Transition starts long before the run out date (ROD), when a soldier leaves the army.  The military must recognise this and remove any stigma it imposes (even inadvertently) on those who are thinking of leaving.  It must accept that if it cannot fulfil the needs of its entire staff, they should be encouraged to try their luck elsewhere.  For example, I have a page on a professional networking web site called ‘Linked-in.’  I suggested to a friend who is still serving that he also set one up.  He replied that if he did so, everyone would think he was about to sign off.  He would not then be considered favourably at the next promotion board.  By contrast, high grade civilian organisations do not rely on exit barriers to retain their staff.  They are imaginative and consultative in keeping people engaged and recognise that if someone has to move on, they do so carrying a little of their values on their journey.  Networking is an integral part of working life.  It is not what you know, but whom.  The army must embrace this.

Involvement of the family is crucial.  I was not married when I left the army but the ups and downs of transition had a direct and immediate impact on my relationship.  In fact, since I married shortly after leaving the army, the story of my marriage and the story of my transition are pretty much the same.

It hurts.  The exit barriers to the military are high, and rightfully so.  The pride one has as a soldier is a function of how difficult it is to become one.  But despite all the resettlement courses and career transition support I was given, I was unprepared for the personal journey and the sense of loss I would experience.   There were times when I was overjoyed (as a civilian) to have a computer system that worked and that I did not have to buy my own equipment.  There were times when I hated the commanders who (so I thought) had ruined my career.  There were times, most days in fact, when I thought fondly of men I served with, their laughter and their stories.  There were times when I doubted my life had any purpose at all, since going to war was no longer an option.  The pain ebbs and flows and changes shape, but it is pain none-the-less.  We must prepare for this.  There is a cycle to any change programme and this one was no exception.  For me, it ran like this: soldier, resigned soldier, ex-soldier, civilian, happy civilian.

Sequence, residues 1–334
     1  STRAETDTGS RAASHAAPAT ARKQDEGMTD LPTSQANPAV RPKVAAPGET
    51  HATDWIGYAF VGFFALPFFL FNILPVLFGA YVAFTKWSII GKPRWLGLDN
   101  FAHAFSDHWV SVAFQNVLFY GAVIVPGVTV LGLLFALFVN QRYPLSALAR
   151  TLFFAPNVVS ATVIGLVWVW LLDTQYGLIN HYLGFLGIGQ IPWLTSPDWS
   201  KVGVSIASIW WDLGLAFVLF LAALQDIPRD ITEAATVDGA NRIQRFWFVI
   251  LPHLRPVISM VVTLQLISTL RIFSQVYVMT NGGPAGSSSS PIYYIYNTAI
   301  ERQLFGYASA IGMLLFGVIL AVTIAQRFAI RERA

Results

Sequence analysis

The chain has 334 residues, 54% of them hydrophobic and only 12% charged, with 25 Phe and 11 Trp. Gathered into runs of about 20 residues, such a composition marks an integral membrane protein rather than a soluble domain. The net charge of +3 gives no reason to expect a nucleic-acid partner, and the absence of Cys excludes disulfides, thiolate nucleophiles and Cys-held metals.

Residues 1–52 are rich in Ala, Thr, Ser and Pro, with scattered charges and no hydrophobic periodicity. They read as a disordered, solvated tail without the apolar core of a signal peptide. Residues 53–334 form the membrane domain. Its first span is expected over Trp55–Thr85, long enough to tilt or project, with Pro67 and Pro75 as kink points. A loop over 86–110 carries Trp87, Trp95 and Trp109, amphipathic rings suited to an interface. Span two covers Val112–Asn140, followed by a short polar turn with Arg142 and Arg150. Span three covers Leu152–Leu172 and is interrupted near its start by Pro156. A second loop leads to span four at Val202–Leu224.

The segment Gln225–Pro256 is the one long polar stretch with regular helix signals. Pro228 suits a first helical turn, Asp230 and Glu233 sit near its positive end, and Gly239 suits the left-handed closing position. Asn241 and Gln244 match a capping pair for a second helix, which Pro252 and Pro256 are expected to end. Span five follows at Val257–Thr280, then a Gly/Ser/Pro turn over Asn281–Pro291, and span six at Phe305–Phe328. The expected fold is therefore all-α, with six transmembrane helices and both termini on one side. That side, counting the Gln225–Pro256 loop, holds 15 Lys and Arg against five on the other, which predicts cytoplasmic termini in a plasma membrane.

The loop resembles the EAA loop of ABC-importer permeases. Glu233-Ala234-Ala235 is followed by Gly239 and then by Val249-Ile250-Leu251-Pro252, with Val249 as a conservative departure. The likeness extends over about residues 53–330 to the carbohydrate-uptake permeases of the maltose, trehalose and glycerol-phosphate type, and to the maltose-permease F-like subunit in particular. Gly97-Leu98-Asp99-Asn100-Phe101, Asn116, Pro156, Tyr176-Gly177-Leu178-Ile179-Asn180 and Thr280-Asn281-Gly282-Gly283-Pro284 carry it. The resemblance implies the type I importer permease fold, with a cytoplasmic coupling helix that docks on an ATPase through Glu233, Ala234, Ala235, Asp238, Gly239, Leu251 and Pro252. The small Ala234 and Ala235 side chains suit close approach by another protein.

And a final word, if I may.  The question asks what we can do to improve the experience of those who transition out of the military.  I fear that this question may soon become irrelevant.

It is my personal view that since 1997 the British government has abused its responsibility of stewardship of the military through overuse, underfunding and misemployment.  The recent forced redundancies and changes to the pension policy are the latest in a long series of decisions that will have a retrograde effect on the fighting man.  For the soldier to fight with confidence and tenacity, he must know that the objective is important and that the team will support him if he should stumble.  If these two tenets are not securely communicated, his will to fight and effectiveness on the battlefield will degrade as his eye becomes drawn by self-interest.  His perception of risk and his willingness to embrace it will change.  The esprit de corps that simultaneously sustains and retains him, will start to erode.   He will not so much transition out of the Forces as transition through it.

How can we improve a soldier’s transition from the forces to civilian life?  We can correctly employ, fund, and equip him during his tenure with the Colours.   If we do not, we may not need to ask ourselves this question.


Note: The Veterans’ Transition Review: